Negative Air Creates Positive Environment for COVID Patients

As medical facilities deal with an unprecedented influx of patients in the wake of a global pandemic, SMACNA contractors that specialize in negative airflow HVAC system installation and maintenance are in high demand.

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Poynter Sheet Metal of Greenwood, Indiana, was hired to convert patient rooms at an Indianapolis area hospital to negative air environments.

Mission Critical
As medical facilities deal with an unprecedented influx of patients in the wake of a global pandemic, SMACNA contractors that specialize in negative airflow HVAC system installation and maintenance are in high demand.

When an Indianapolis area hospital needed to quickly overhaul its HVAC system to maximize rooms for COVID-19 patients and prepare for the inevitable surge, they reached out to SMACNA contractor Poynter Sheet Metal. Employees at the Greenwood, Indiana-based company worked overnight fabricating and installing ductwork to meet the hospital’s emergency timetable.

And when the owners of a medical facility in Albuquerque, New Mexico, wanted to change the air pressure in some of the patient rooms to limit the spread of contagious viruses like COVID-19, they hired Energy Balance & Integration, another SMACNA contractor. 

As the United States and much of the world works to stop the spread of coronavirus, an illness that currently has no vaccine or cure and only limited treatments, many hospitals are expanding operations and converting underused areas into patient rooms. In many cases, even after such efforts, demand for hospital beds still exceeds available supply. So local governments are transforming buildings such as hotels and convention centers into makeshift treatment centers.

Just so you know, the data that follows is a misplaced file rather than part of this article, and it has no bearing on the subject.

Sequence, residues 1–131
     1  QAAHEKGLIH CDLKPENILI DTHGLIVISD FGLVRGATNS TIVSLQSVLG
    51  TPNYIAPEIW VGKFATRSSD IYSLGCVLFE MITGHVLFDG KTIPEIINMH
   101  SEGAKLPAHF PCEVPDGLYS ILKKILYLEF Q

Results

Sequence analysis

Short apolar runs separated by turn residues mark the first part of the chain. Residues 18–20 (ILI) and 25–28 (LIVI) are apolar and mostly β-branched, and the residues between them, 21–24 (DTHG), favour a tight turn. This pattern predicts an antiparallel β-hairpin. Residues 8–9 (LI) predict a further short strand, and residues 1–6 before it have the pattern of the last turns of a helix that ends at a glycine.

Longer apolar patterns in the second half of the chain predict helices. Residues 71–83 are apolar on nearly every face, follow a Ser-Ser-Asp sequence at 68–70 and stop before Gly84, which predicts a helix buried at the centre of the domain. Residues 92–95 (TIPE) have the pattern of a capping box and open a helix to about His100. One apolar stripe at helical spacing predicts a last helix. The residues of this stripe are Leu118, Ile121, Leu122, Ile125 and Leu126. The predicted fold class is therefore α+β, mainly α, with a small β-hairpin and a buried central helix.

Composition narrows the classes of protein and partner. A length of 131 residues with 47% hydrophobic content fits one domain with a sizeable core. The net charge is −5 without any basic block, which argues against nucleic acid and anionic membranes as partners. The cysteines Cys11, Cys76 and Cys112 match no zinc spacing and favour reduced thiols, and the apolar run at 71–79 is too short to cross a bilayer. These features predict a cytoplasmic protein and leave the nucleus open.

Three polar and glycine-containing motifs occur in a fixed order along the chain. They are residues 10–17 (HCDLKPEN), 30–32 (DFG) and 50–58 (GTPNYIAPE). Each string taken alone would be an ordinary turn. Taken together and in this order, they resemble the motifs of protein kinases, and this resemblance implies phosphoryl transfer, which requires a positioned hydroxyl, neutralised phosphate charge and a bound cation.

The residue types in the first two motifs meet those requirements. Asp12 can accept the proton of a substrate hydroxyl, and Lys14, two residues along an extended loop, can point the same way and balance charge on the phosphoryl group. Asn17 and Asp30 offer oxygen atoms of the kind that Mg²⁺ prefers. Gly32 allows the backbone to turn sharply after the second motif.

But when dealing with a highly contagious, airborne pathogen such as coronavirus, installing patient areas is a lot more complicated than just placing beds and privacy curtains on a floor. In many cases, treatment facilities including units and sometimes whole floors must be placed under negative air pressure to prevent the spread of contaminants. Typically known as isolation rooms, the HVAC systems that serve these areas are designed to remove viruses and exhaust them outside while preventing the contamination of adjacent spaces.

Needed Expertise

EB&I employee Sarah Moharter performs a duct traverse test to determine  the total airflow of a future isolation area exhaust fan.
EB&I employee Sarah Moharter performs a duct traverse test to determine the total airflow of a future isolation area exhaust fan.

That’s where the expertise of SMACNA contractors such as Poynter and testing and air balancing contractors like EB&I comes in. Companies that have extensive experience working in health care facilities and certifying the performance of the HVAC systems hospitals contain are finding their work in urgent demand. In fact, at a time when many states are forcing businesses to temporarily close to limit the spread of coronavirus, the work performed by SMACNA members with expertise in HVAC system testing, adjusting and balancing (TAB) has been deemed “essential” and therefore exempt from such regulations. In many cases, the work is absolutely vital.

Eli Howard, SMACNA’s executive director of technical services, said that with the years of specialized training they complete, it’s understandable that the association’s members are currently involved in so many important health care projects. “It’s critical to make sure that these facilities are up and operational and they’re able to be maintained from an HVAC standpoint during this pandemic,” said Howard.

Emergency Projects
Just ask Joseph Lansdell, the owner and president of Poynter Sheet Metal (and 2016–17 SMACNA president). His company has been on the frontlines of the Indianapolis area’s fight against COVID-19.

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Richard Stoltenberg of EB&I measures supply airflow into a Gibson patient room using a flow hood.